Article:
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Freedom and Liberty

December 1, 2009

These are two concepts that we need to be absolutely clear about or else the politicians will pull the wool over our eyes.

“Free” as an economic word means no cost.  If your mama didn’t tell you that “there’s no such thing as a free lunch” or “if a deal is too good to be true, it probably is” then there is something missing in your education and you could be what swindlers call a “mark.”  Free as no cost is a chimera.

Free also means free to choose.  In this sense it becomes more of a political word and is synonymous with liberty, though especially economic liberty.

Liberty is the right to choose.  It’s not the right to do anything we please; liberty always has constraints.  In our republic, that constraint is the social contract embodied in the Constitution.  The Founders wrote the Constitution so that the constraints were the minimal necessary for an orderly society.  They tried once before in the Articles of Confederation and found that they had erred on the side of too much liberty.  So they added a little more control and gave it to a central government which before had been lacking.  People were so suspicious of it that they wouldn’t agree to it without a specific Bill of Rights.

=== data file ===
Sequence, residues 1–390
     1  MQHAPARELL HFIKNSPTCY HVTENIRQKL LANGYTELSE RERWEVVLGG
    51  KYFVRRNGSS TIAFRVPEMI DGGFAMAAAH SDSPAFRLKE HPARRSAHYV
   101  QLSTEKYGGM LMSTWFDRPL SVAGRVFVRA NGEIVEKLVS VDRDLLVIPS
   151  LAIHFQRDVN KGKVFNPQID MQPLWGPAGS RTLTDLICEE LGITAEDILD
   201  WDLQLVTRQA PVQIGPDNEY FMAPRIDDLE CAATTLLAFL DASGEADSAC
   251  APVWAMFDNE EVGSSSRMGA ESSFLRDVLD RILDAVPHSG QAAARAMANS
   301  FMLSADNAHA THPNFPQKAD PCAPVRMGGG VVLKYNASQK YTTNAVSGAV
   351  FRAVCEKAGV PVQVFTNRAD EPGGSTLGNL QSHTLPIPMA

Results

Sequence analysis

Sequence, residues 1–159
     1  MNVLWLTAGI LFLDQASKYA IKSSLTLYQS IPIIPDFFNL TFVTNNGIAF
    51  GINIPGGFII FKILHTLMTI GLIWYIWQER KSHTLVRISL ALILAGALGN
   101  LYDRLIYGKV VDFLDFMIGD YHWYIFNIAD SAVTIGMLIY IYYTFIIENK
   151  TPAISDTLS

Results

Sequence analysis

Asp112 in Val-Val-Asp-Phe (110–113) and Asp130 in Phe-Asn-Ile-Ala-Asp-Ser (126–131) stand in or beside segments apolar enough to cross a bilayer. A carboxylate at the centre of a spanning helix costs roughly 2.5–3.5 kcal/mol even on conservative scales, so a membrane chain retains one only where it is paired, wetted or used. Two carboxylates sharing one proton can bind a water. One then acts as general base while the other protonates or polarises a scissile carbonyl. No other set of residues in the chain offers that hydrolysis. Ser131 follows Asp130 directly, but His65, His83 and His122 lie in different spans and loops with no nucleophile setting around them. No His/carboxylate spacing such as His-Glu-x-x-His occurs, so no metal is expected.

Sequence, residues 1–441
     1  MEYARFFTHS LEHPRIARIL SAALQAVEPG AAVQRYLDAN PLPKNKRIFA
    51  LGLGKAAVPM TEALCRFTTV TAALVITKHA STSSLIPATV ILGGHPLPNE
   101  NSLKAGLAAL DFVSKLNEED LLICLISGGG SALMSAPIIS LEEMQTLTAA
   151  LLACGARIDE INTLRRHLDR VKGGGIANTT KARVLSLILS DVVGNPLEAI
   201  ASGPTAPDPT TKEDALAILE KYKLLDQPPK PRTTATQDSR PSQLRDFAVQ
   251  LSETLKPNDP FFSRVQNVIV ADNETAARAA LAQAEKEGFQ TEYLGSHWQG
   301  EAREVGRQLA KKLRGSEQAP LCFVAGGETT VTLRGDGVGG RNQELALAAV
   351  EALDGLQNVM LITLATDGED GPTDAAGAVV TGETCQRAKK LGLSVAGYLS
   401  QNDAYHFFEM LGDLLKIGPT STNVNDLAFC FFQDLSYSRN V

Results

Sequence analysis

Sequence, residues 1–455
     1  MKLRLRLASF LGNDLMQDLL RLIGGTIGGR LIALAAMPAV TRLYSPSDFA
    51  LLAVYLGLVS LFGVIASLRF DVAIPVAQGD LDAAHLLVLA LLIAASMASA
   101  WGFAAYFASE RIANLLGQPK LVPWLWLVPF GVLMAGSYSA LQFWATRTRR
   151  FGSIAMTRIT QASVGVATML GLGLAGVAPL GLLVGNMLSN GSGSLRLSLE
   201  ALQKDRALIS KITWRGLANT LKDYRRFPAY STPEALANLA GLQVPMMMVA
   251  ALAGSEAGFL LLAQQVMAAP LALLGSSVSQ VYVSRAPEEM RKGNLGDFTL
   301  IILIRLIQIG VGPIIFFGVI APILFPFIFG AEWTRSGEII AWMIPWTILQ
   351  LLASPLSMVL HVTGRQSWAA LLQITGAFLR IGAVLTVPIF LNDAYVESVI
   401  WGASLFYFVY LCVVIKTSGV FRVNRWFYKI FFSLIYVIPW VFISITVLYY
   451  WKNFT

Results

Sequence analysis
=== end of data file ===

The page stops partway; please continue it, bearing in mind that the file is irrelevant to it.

There is also a moral dimension to liberty.  Our moral values and the morals of society at large also serve to constrain our choices.  This prevents liberty from becoming license.  License generally means the permission to do something.  Our moral sense as a people constrain us, not the government.

When government forces you to do something or prevents you from doing something, it takes away your liberty.  It takes away your freedom of choice–like forcing you to buy government health insurance, the so-called “public option.”

Make no mistake: to fail to understand that preserving our liberty is what the Constitution is all about is to risk losing both the Constitution and our liberty.

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